By Levi Clancy for Student Reader on
The Kreb's cycle (aka Citric Acid cycle or Tricarboxylic Acid (TCA) cycle) converts pyruvate to CO2 and reducing energy (NADH and FADH2) and phosphorylated energy (GTP).
The reduced energy can be used to generate ATP using the electron transport chain in the presence of oxygen. It is a cyclic process in that oxaloacetate reacts with acetyl CoA to form citrate which starts a series of several other reactions. At the end of each cycle, the four-carbon oxaloacetate has been regenerated, and the cycle continues. (Though occasionally the oxaloacetate destabilizes after regeneration.)
|→||Kreb's Cycle||→||6 CO2|
NAD and FAD are rather small nucleotide molecules that are electron carriers.
FAD can transfer its reducing power to FP. The reduced and oxidized forms of NAD are not clear; thus oxidized NAD can be called NADox, NAD+ or NAD. Reduced NAD can be called NADred, NADH or NADH2.
Kreb's Cycle Steps
|Citrate Forms||The citric acid cycle begins with Acetyl-CoA transferring its two-carbon acetyl group to the four-carbon acceptor compound, oxaloacetate, forming citrate, a six-carbon compound.|
|Decarboxylation||The citrate then goes through a series of chemical transformations, losing first one, then a second carboxyl group as CO2.|
|Most of the energy made available by the oxidative steps of the cycle is transferred as energy-rich electrons to NAD+, forming NADH. For each acetyl group that enters the citric acid cycle, three molecules of NADH are produced.|
|FADH2||Electrons are also transferred to the electron acceptor FAD, forming FADH2.|
Kreb's Cycle: Some More Detail
The three carbon pyruvate reacts, release a carbon as CO2. The reaction release energy to reduce NAD+ into NADH. The remaining 2C compound binds coenzyme A (coA) to form acetyl CoA. Due to the loss of CO2, this is an irreversible reaction. The binding of coA-SH to the acetyl is likely so that enzymes can more easily act upon the acetyl.
The 2C acetyl chain is released from acetyl CoA and binds to the 4C oxaloacetate to make the 6C citrate, a tricarboxylic acid. Enzymes can act uopn the 6C citrate much more easily than a lone 2C acetyl chain. The 2C acetyl will eventually be totally decomposed to again regenerate oxaloacetate. This oxaloacete will be reused.
H2O is removed from citrate and H2 is the re-added to regenerate citrate. This reaction rearranges the molecule so that energy can be extracted more efficiently. Citrate is a ketose (it contains a ketone group), but removal of H2O converts it to an aldose (the new chemical contains an aldehyde). When H2O is added back, an isomer of the origiinal citrate (now a ketose again) is formed.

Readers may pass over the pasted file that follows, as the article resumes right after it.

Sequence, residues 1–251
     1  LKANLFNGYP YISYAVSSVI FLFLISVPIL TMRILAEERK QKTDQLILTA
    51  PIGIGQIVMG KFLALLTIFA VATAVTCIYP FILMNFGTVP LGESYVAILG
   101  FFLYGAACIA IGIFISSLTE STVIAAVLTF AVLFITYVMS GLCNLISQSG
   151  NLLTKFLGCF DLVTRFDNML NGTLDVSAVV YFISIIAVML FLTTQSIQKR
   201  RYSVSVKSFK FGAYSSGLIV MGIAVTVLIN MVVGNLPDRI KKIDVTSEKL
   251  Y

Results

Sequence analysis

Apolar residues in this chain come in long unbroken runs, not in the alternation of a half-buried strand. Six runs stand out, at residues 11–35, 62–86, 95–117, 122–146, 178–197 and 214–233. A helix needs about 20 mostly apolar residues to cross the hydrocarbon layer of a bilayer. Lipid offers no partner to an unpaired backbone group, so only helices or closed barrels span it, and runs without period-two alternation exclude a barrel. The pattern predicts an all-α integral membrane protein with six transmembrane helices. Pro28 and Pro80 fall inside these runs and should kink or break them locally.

The next reaction releases energy to form reduced NADH.
The reaction of the 6C oxalosuccinate to the 5C alpha-ketogluterate leads to the release of CO2.
The next reaction again utilizes CoA-SH as a handle for one reaction. Energy is also released again as NADH. At this point we also lose the last carbon in the form of CO2. The reaction of succinyl-CoA to succinate leads to a phosphorylation of GDP to GTP. A GTP molecule can be easily converted to an ATP by one more reaction.
Succinic acid to fumaric acid yields a reduced flavoprotein. This FADH2 can be passed to FPH2 and used in the electron transport chain (in the presence of oxygen) to presumably yield two ATP molecules.
The final step of malate to oxaloacetate wrings out the last bit of energy (as NADH) of our original glucose. The regenerated oxaloacetate is now ready to react with another acetyl CoA, allowing the cycle to run a total of five times.
Glucose may alternatively be from the hydrolysis of intracellular starch or glycogen. In animals an isozyme of hexokinase called glucokinase is also used in the liver, which has a much lower affinity for glucose (km in the vicinity of normal glycemia), and differs in regulatory properties. The different substrate affinity and alternate regulation of this enzyme are a reflection of the role of the liver in maintaining blood sugar levels.
Phosphoglycerate, aka glycerate 3-phosphate (GP) or 3-phosphoglycerate (3PG), is a biochemically significant 3-carbon molecule that is a metabolic intermediate in both glycolysis and the Calvin cycle. This chemical is often termed PGA when referring to the Calvin cycle. 3-phosphoglycerate is the resultant of the split of 6 carbon intermediate that is so unstable it splits instantly. And two 3-phosphoglycerate is produced for each molecule of CO2.